That is high class all-round cricket but if anything he was even more successful in the second Test. His hat-trick was perfectly timed and no doubt was the main argument in his man of the match award but he also scored 64 in the first knock, 44 in the second — he was batting No. 9 and expert Test batsmen reckon on only 70 a match — had 6-46 in the first innings and 2-30 in the second.

Fifteen minutes after grabbing victory with the final wicket later he was a willing interviewee for any TV station. Lucid, cogent, chatty. Microphone man could not have wished for anything more although of course the Ian Bell incident almost drowned the Broad impact.

Stuart Christopher John Broad has all the right genes to get into one sport or another. His father, who mixes 98 per cent perfect behaviour, has a streak that will not tolerate being wronged. He is the most unlikely choice for a match referee although he is now a highly respected one, if a tad stern. A brave man too as he showed when the Taliban attacked the bus that was taking him to a match in Pakistan.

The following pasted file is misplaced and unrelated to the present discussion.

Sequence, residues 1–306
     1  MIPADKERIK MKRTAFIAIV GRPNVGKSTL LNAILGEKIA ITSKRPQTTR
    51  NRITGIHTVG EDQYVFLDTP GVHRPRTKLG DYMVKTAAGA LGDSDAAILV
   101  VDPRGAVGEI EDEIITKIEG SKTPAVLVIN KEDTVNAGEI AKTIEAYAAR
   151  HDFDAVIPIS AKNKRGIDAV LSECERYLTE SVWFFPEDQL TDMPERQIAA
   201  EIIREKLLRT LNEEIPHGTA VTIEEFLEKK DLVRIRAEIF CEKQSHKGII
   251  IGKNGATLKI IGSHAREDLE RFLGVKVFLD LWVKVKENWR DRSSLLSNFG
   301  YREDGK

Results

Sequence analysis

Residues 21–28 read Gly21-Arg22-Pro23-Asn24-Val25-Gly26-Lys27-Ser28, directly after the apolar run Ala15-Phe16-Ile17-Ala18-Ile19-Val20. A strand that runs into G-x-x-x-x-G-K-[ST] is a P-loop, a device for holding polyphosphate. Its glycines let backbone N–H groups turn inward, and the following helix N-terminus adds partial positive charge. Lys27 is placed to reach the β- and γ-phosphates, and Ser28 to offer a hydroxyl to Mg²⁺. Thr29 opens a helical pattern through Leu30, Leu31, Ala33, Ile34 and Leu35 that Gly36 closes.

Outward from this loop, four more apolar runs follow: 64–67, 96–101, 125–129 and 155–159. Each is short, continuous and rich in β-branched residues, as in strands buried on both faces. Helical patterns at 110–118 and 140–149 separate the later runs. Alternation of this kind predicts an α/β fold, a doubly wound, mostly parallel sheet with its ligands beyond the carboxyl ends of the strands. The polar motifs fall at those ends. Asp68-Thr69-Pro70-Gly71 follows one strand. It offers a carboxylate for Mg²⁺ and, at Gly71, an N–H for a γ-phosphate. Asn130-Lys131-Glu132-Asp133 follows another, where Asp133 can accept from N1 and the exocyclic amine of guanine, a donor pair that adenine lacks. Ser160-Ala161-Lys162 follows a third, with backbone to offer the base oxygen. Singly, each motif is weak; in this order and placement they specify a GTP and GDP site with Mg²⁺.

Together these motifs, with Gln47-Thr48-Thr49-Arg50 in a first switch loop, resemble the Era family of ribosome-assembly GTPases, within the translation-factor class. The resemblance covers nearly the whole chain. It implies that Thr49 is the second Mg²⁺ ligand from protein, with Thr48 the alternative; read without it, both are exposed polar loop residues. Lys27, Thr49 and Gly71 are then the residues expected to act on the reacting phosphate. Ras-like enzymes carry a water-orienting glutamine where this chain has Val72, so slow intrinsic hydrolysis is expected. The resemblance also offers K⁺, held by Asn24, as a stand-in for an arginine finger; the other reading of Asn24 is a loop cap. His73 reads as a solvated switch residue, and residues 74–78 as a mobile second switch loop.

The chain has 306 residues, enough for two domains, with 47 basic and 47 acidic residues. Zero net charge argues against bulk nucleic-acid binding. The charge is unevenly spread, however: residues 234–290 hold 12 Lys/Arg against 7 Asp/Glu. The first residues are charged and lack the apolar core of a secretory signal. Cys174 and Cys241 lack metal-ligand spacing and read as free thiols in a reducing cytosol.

Long before a strike rate of 32.53 catapulted young Broad to the head of the England bowling averages with 15 wickets at 11.33 in this series he went to Oakham School in the Midlands and played cricket and hockey.

Broad's parents had split by that time but that seems to have made no difference to his relationship with mother or father. You can see him with both — separately — and with his sister Gemma who works for the England and Wales Cricket Board.

Five or six years ago his name began to go the rounds. Here was a lad, the clever ones said, who had pace and intelligence and cricket wisdom beyond his years and who might one day wield his bat as Richard Hadlee did.